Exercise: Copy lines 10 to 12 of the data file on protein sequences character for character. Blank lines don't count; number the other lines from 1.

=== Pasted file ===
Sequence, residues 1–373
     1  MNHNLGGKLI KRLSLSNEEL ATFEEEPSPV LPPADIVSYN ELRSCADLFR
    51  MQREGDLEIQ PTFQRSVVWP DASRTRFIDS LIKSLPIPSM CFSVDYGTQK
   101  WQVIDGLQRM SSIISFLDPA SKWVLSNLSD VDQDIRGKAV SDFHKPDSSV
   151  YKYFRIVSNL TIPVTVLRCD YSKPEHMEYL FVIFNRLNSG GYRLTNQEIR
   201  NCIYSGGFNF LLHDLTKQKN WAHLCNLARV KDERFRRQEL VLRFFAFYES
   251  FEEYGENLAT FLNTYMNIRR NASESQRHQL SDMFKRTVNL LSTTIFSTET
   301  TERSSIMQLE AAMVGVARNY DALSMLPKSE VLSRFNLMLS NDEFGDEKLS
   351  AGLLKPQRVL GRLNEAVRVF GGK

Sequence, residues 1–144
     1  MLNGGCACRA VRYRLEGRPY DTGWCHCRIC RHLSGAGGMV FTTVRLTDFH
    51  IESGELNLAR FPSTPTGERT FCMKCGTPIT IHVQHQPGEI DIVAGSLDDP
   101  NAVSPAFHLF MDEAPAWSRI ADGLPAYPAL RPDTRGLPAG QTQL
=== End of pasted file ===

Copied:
Sequence, residues 1–144
     1  MLNGGCACRA VRYRLEGRPY DTGWCHCRIC RHLSGAGGMV FTTVRLTDFH
    51  IESGELNLAR FPSTPTGERT FCMKCGTPIT IHVQHQPGEI DIVAGSLDDP